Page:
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Publication numberUS6375590 B1
Publication typeGrant
Application numberUS 09/550,161
Publication dateApr 23, 2002
Filing dateApr 14, 2000
Priority dateApr 14, 1999
Fee statusPaid
Publication number09550161, 550161, US 6375590 B1, US 6375590B1, US-B1-6375590, US6375590 B1, US6375590B1
InventorsMasato Tomobuchi, Tatsuo Arai, Hiroshi Kikuchi
Original AssigneeTsubakimoto Chain Co.
Export CitationBiBTeX, EndNote, RefMan
External Links: USPTO, USPTO Assignment, Espacenet
Toothed belt
US 6375590 B1
Abstract
A toothed belt particularly suitable for use in general industrial machineries includes a cured rubber belt body, a tensile member embedded in the belt body, and a tooth fabric adhered to the surface of teeth of the belt body. The belt body is formed primarily from a vulcanizable rubber composition containing hydrogenated nitrile rubber and zinc polymethacrylate. The zinc polymethacrylate and the hydrogenated nitrile rubber are blended together in a ratio of from 22:78 to 45:55 parts by weight. To the vulcanizable rubber composition, a vulcanizing agent comprised of peroxide and a reinforcer comprised of carbon black are added, and a mixture is vulcanized and pressed or otherwise molded to form the afore-said cured rubber belt body with the tensile member embedded therein. The tensile member is made of high-strength glass fibers. The glass fibers preferably have a resorcin-formalin-latex layer and an overcoat layer both formed thereon.
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Claims(9)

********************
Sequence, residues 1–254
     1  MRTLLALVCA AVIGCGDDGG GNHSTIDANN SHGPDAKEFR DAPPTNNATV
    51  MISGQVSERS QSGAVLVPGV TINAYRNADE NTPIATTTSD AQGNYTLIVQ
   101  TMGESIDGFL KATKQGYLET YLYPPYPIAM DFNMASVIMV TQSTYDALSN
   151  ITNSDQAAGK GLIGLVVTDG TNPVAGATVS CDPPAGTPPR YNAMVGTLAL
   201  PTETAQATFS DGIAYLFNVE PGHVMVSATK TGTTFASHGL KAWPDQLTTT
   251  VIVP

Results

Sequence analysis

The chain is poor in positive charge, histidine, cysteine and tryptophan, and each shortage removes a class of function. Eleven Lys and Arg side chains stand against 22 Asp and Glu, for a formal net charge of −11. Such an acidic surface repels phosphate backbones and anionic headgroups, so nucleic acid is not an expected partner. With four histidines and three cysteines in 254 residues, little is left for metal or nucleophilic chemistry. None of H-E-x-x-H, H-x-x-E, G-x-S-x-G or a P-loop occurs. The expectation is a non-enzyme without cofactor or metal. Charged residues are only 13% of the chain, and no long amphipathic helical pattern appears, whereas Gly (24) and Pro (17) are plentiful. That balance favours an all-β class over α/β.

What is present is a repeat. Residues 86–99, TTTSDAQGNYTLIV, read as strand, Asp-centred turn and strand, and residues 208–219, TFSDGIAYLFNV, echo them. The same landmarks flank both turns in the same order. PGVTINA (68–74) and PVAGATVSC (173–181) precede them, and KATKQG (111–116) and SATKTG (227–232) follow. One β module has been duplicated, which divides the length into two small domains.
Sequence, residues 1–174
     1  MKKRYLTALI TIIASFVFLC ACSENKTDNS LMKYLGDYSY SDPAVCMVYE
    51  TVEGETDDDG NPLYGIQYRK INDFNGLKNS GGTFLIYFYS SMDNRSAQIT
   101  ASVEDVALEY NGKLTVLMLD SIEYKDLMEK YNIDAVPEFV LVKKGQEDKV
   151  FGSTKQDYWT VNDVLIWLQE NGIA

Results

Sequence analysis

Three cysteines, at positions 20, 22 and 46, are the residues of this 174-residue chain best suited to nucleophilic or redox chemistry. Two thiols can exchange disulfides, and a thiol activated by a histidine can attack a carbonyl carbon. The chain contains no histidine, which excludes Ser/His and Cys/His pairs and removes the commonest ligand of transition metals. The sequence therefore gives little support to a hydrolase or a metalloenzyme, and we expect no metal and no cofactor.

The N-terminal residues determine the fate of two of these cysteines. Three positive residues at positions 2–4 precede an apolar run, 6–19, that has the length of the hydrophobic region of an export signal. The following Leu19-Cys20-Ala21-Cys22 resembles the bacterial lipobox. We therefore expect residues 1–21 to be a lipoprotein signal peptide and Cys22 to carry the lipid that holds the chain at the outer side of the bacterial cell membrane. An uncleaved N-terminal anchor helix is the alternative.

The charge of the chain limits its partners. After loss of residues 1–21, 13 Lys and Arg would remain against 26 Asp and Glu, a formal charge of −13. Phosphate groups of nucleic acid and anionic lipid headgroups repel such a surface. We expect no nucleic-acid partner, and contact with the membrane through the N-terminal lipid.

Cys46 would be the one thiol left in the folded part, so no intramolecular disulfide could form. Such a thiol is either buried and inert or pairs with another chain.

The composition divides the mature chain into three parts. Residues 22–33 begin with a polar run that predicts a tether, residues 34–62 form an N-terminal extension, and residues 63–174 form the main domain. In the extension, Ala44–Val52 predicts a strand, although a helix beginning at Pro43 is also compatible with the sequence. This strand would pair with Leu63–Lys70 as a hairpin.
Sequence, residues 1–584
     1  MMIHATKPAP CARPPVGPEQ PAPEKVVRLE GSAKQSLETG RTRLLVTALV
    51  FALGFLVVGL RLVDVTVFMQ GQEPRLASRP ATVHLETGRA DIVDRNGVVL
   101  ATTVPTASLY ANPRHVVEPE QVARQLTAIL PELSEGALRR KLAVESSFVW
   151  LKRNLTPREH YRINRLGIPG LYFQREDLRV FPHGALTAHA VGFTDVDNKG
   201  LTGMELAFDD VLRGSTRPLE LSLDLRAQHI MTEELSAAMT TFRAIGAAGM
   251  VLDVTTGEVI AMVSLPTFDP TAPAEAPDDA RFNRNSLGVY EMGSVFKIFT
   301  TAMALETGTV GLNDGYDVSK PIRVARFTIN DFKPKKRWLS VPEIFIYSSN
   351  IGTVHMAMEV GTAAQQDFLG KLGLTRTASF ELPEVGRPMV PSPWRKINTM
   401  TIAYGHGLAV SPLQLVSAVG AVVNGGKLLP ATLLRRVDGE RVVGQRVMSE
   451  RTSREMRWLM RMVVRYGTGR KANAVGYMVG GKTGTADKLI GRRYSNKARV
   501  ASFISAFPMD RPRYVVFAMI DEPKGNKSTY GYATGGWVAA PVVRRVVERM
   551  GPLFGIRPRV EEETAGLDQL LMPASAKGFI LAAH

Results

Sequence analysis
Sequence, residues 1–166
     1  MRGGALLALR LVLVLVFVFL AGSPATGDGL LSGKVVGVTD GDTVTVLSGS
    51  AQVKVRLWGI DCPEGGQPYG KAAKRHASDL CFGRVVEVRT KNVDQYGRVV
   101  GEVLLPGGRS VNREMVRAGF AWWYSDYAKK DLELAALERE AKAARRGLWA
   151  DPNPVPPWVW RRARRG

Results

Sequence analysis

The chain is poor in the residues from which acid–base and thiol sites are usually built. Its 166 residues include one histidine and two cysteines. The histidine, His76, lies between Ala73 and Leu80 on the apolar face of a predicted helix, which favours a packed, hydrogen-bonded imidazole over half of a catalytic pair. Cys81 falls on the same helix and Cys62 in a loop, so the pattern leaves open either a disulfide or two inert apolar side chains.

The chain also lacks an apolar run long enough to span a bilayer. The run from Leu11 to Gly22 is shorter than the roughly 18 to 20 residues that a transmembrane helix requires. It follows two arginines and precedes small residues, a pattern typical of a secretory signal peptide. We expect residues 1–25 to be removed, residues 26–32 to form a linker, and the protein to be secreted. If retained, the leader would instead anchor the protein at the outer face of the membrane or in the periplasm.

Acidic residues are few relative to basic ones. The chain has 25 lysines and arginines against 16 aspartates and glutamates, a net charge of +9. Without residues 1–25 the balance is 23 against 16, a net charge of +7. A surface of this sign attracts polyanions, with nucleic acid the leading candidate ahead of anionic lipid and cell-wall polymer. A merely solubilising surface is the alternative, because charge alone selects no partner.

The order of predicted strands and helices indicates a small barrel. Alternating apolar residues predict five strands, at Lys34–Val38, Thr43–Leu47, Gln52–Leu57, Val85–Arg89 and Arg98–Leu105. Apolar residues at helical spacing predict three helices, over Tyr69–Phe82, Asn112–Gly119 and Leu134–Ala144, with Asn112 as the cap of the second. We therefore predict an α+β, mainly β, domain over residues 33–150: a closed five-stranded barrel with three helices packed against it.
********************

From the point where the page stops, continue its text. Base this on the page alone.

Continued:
What is claimed is:
1. A toothed belt comprising:
a cured rubber belt body formed primarily from a vulcanizable rubber composition containing hydrogenated nitrile rubber and zinc polymethacrylate; and
a tensile member embedded in said belt body,
wherein said rubber composition is comprised of zinc polymethacrylate and hydrogenated nitrile rubber having an iodine value of 4-28 g, said zinc polymethacrylate and said hydrogenated nitrile rubber being blended together in a ratio of 22:78 to 45:55 parts by weight.
2. A toothed belt according to claim 1, wherein said tensile member is made of high-strength glass fibers.
3. A toothed belt according to claim 1, wherein said rubber composition is formed of a polymer alloy composite material and hydrogenated nitrile rubber having an iodine value of 4-28 g, said polymer alloy composite material and said hydrogenated nitrile rubber being blended together in a ratio of 55:45 to 90:10 parts by weight, said polymer alloy composite material being formed of zinc polymethacrylate and hydrogenated nitrile rubber having an iodine value of 4-28 g, said zinc polymethacrylate and said hydrogenated nitrile rubber being dispersed in a ratio of 40:60 to 50:50 parts by weight to form the polymer alloy composite before the polymer alloy composite is blended with the hydrogenated nitrile rubber.
4. A toothed belt according to claim 3, wherein said tensile member is made of high-strength glass fibers.
5. A toothed belt according to claim 3, wherein said cured rubber belt body further contains a vulcanizing agent consisting of 0.24 to 0.91 g peroxide added with respect to 100 g of said rubber composition, and a reinforcer consisting of carbon black added to said rubber composition in a weight ratio of from 5:100 to 50:100.